Democratic governors are worried about the party’s leftward swing going into the 2020 election cycle, fearing far-left policies such as abolishing private health insurance will alienate the voters they need to win.
Some of the governors gathered for an annual fundraising retreat in Nantucket last weekend told The New York Times that in addition to being too extreme, they think some of the policies are bad for the country, particularly on health insurance.
“I don’t think that’s good policy or good politics,” Rhode Island Gov. Gina Raimondo said. She chairs the Democratic Governor’s Association. “We cannot become the party of the checklist,” she added, referring to what The New York Times described as “cultural flash points.” Democrats should focus on “economic security,” she said.
“I think it scares people,” New Mexico Gov. Michelle Lujan Grisham told The New York Times, referring to the proposal to eliminate private health insurance backed by Sens. Elizabeth Warren and Bernie Sanders. (RELATED: Here Are The 11 Standout Moments From The Second Democratic Debate In Miami)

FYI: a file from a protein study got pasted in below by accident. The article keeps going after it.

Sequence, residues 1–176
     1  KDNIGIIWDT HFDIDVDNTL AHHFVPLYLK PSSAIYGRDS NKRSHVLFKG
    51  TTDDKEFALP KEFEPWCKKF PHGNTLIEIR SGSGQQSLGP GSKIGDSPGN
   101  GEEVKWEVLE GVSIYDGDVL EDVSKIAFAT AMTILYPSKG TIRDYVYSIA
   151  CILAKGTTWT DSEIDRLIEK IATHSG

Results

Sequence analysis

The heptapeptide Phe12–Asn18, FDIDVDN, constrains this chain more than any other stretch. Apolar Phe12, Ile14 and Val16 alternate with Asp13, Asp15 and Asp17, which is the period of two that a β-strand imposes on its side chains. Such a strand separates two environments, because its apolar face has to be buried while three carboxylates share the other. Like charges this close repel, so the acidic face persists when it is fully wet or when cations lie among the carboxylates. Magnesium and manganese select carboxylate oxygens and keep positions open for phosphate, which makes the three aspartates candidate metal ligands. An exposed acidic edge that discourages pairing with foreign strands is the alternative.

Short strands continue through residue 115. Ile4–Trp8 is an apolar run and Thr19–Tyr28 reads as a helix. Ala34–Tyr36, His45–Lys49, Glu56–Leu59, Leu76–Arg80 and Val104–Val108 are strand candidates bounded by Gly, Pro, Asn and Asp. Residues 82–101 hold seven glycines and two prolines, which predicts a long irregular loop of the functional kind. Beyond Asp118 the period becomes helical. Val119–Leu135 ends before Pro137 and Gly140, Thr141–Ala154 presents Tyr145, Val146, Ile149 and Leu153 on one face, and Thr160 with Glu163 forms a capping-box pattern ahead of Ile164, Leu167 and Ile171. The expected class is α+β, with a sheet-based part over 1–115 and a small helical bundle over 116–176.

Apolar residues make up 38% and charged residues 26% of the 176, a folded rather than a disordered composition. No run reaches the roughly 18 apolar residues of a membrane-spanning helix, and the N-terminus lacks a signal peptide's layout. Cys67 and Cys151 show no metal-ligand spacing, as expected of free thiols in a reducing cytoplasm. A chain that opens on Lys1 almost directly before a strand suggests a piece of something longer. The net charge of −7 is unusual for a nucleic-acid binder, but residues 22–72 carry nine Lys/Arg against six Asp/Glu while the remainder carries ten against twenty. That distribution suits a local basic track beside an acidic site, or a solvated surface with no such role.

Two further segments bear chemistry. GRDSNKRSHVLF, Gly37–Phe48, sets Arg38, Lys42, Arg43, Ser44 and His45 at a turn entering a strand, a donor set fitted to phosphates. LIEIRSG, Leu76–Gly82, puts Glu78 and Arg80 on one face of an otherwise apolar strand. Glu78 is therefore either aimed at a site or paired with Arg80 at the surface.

Raimondo and others believe the party should redouble on the strategy that paid off in the 2018 midterms — avoiding bait from President Trump and focusing on broadly popular policies. “We think that’s a blueprint for next year,” she said.
Michigan Gov. Gretchen Whitmer joined Grisham and Raimondo in warning the party’s approach to immigration could also be perceived as too extreme for voters. Almost all of the Democratic presidential candidates support a proposal to decriminalize border crossings. (RELATED: The Biggest Policy Takeaway From The Second Debate: Open Borders)
“That just scares too many people who don’t know anything about immigration,” Whitmer told The New York Times.
A Morning Consult poll out this week found all of the ten most popular governor’s are Republican, while the bottom ten include eight Democrats.